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Coral Gables

Coral Gables mayor, attorney talk with state pols about FPL lines

 
 
A tower crane works near one of the two containment buildings at FPL's Turkey Point facility in June 2012. The crane was lowering new feedwater heater end shells to crews below, all part of an upgrade at the facility.
A tower crane works near one of the two containment buildings at FPL's Turkey Point facility in June 2012. The crane was lowering new feedwater heater end shells to crews below, all part of an upgrade at the facility.
EMILY MICHOT / MIAMI HERALD STAFF

hcohen@MiamiHerald.com

Coral Gables Mayor Jim Cason and City Attorney Craig Leen traveled to Tallahassee earlier this month to meet members of Gov. Rick Scott’s cabinet who will vote on Florida Power & Light’s plan to run two towering power-line corridors through Miami-Dade County.

Coral Gables, along with Pinecrest, South Miami and Kendall, neighborhoods that would be affected by FPL’s desire to place a set of 230-kilovolt lines on 80- to 100-foot towers through the municipalities, have opposed the plan since FPL applied for the new corridors in 2009. The utility calls them crucial to improving reliability at a time of projected population growth. Another corridor would run high voltage lines on 150-foot towers along the northeastern edge of Everglades National Park.

The lines, including a new substation, are projected to cost about $710 million in an expansion process that could run an estimated $12 billion to $18 billion.

In July, Coral Gables filed suit contending the proposed line from Turkey Point up U.S. 1 through Cutler Bay, Pinecrest, South Miami and Coral Gables to a substation in Coconut Grove, violates its 30-year franchise agreement, which expires in 2028. That case is pending, Leen said Friday.

The meeting at the state capitol seemed to go well, Leen said.

“We had a good reception, they understood our issues and the tremendous problem this causes Coral Gables to have this corridor go right through our city. This corridor already exists in an alternate corridor,” he said, referring to an existing corridor in the middle of Kendall, from Southwest 136th Street to Flagler Street between 107th and 97th Avenues.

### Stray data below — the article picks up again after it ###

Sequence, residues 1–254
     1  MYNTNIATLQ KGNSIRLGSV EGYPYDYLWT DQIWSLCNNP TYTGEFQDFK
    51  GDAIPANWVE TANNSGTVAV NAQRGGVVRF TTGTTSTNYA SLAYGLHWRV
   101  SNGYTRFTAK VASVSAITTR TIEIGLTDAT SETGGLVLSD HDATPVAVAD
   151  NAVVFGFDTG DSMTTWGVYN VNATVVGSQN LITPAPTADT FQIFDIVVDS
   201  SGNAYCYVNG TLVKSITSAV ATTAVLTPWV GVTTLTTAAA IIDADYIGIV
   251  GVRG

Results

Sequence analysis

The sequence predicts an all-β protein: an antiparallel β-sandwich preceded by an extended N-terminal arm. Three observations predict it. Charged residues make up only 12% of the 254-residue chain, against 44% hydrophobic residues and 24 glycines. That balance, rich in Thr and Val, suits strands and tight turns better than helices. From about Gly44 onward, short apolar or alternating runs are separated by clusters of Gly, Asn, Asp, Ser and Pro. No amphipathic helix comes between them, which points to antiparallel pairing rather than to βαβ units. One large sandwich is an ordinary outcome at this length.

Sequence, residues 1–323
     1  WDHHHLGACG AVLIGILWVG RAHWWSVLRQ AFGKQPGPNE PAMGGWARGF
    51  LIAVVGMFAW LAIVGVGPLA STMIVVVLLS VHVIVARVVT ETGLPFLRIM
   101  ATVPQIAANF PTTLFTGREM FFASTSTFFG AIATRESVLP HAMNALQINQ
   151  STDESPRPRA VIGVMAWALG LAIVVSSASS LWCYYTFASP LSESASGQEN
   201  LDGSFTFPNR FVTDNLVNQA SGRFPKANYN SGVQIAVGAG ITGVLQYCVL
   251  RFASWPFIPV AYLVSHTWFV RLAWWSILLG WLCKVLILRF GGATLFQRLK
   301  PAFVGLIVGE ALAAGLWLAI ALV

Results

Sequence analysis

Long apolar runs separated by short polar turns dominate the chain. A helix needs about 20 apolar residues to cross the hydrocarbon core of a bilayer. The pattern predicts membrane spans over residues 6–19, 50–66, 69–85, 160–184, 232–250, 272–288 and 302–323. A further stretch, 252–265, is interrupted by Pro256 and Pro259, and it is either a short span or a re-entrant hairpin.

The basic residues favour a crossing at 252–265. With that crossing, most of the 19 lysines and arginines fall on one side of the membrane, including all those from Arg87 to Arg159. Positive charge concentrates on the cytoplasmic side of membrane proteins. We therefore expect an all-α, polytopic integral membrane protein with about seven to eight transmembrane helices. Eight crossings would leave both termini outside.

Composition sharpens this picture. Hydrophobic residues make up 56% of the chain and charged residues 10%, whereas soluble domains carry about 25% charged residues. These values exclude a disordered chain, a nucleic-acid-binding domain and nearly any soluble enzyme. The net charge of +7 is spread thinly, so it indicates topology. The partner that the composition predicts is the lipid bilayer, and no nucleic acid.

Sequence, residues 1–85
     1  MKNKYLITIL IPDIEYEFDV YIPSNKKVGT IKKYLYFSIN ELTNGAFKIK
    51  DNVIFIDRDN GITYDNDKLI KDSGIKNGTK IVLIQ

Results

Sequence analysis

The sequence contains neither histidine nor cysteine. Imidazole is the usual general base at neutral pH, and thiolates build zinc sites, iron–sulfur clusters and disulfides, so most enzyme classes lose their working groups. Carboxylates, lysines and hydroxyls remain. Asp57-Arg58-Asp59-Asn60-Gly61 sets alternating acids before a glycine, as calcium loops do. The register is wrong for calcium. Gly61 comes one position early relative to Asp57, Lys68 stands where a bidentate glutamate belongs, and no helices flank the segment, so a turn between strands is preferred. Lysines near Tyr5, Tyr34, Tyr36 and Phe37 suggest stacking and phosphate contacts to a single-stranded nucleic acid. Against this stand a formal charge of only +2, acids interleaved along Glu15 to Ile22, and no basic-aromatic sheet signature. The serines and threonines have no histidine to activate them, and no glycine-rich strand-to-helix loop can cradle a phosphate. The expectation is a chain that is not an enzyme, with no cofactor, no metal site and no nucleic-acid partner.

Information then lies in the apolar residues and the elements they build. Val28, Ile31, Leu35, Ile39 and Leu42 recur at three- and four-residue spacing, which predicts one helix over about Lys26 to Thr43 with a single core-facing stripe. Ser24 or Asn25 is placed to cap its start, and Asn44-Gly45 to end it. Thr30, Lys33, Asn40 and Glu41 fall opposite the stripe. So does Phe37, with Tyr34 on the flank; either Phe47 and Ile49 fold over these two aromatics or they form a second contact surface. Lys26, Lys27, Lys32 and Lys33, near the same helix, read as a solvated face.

“We were trying to explain to them it’s not just a situation where we are complaining that it’s coming to our city but it’s causing harm to a whole new area that is not necessary,” Leen said. “Where it already exists, you can improve that. Instead of decreasing our property values you could improve their property values by improving the existing corridor.

“We are concerned for every community and tried to make that point, too,” he said. “We think they should do undergrounding. That would be the ultimate solution because everyone is helped and we believe they have the lawful authority to do that. Mayor Cason did a wonderful job representing our residents.”

Cason, at Tuesday’s regular Commission meeting, reiterated the point that the lines should be placed underground at the utility’s expense, rather than through Coral Gables’ coffers since the superhighway corridor doesn’t serve just Coral Gables and would have a negative impact on aesthetics and property values.

Barring that option — FPL says undergrounding the lines would come at an additional cost of $12 million to $16 million per mile and wasn’t without its own potential costly maintenance problems in storms — “We made our point why we think the alternate corridor is the least-worst option,” Cason said.

Florida Administrative Law Judge D.R. Alexander will make his recommendation to a siting board headed by Scott and his Cabinet on Dec. 6 in Tallahassee. Scott and his Cabinet will make a decision in the new year.

If Coral Gables doesn’t prevail, Leen said that he, along with Cason, would return to Tallahassee in January or February for another cabinet meeting to advocate for undergrounding or the alternate corridor and would appeal the decision.

Cason hopes to meet one-on-one with Scott before Dec. 6.

Follow @HowardCohen on Twitter.

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